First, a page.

By John Boe
Several years ago, when I was managing an insurance office, I was interviewing a perspective sales rep who I felt had great potential as an agent. Throughout the interviewing process she was articulate, impeccably dressed and demonstrated excellent people skills; I was convinced that I had found a real superstar. Shortly after she was hired, my new agent invited me to attend her son’s high school football game. When the referee called a questionable foul on her son, my superstar jumped to her feet and let loose with a flurry of curse words that would make a sailor blush. Everyone, literally within shouting distance, was as shocked as I was to hear such profanity come out of her mouth.
In the selling process, there’s a great deal of emphasis placed on training the sales rep to say the right word at the right time to close the sale. While this is all well and good, unfortunately, there’s no training in the world that can prevent a person from blurting out the wrong word at the wrong time. It doesn’t matter whether you’re stuck in traffic, just missed your flight or bogied the 18th hole, your character and professional reputation are forged by the very words that come out of your mouth.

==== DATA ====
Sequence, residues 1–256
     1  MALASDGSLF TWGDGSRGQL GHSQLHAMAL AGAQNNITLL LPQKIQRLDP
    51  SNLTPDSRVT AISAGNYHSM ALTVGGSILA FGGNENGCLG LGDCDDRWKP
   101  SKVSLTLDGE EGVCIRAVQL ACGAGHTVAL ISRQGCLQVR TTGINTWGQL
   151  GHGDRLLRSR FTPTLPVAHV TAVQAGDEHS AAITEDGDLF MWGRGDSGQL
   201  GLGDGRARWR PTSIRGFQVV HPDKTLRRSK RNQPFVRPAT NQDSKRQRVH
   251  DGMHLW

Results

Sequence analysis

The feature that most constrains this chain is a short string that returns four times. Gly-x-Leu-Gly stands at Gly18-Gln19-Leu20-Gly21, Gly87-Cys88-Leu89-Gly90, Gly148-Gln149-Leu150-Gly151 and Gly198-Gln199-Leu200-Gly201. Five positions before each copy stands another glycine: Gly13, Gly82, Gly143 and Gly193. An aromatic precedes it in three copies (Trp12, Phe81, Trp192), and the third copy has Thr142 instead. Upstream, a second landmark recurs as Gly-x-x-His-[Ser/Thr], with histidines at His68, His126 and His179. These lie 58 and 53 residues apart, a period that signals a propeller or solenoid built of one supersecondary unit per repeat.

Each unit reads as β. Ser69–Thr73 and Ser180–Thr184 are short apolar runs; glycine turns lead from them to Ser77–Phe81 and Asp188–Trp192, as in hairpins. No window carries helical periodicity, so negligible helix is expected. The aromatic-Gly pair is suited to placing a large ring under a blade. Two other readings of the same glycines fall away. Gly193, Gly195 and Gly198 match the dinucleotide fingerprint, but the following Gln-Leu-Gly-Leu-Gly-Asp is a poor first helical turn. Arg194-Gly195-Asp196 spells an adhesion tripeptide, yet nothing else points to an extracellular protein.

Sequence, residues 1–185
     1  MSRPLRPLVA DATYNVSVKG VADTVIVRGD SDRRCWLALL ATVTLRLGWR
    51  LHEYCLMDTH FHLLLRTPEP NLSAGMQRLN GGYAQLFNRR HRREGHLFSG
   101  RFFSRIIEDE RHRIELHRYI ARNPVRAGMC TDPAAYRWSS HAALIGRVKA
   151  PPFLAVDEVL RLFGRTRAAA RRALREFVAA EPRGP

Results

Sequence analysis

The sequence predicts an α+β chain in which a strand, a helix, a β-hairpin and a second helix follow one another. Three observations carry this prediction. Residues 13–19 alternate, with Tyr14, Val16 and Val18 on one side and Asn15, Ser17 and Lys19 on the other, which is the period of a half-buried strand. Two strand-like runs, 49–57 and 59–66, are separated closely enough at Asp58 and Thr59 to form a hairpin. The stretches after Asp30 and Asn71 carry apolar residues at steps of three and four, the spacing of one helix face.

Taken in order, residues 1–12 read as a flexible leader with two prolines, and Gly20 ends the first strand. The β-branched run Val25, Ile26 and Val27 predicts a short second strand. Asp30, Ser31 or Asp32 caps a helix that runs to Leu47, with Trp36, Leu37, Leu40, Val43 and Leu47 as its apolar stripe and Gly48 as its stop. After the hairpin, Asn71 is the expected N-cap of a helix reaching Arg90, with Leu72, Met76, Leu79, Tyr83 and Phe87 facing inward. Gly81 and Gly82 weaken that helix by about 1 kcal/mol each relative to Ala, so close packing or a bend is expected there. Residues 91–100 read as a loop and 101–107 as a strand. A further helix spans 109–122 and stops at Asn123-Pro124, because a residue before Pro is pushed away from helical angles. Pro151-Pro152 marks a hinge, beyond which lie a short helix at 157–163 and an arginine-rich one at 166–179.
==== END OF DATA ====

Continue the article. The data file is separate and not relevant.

During the early days of the NASA space program, the astronauts were determined to avoid the professional embarrassment of using profanity over the airwaves. They were well aware that the entire world was eagerly listening to every word they transmitted from outer space. In an effort to minimize any self-inflicted embarrassment, the astronauts established an informal incentive program amongst themselves, which they referred to as “Operation Green Turtle.” When an astronaut slipped up and used a curse word during his radio transmission, the first astronaut to key up his mic and blurt out Green Turtle became the recipient of dinner for two at a restaurant of his choice. Operation Green Turtle proved to be such an effective incentive program, that it’s still in use today.
In the sales profession, the words you use when you are away from your customers are just as important as the words you use when you are with your customers. If you have formed the bad habit of swearing during moments of stress or anger, it’s just a matter of time before those same words come back, like a boomerang, and slip out at the sales table. One inappropriate four-letter word has the potential to alienate your customer, destroy rapport, and sabotage your sale. Using colorful language at a sporting event is socially embarrassing, but if you use profanity around customers it will have a negative impact on your reputation, livelihood, and career advancement.
John Boe presents a wide variety of motivational and sales-oriented keynotes and seminar programs for sales meetings and conventions.
For more information, visit www.johnboe.com.
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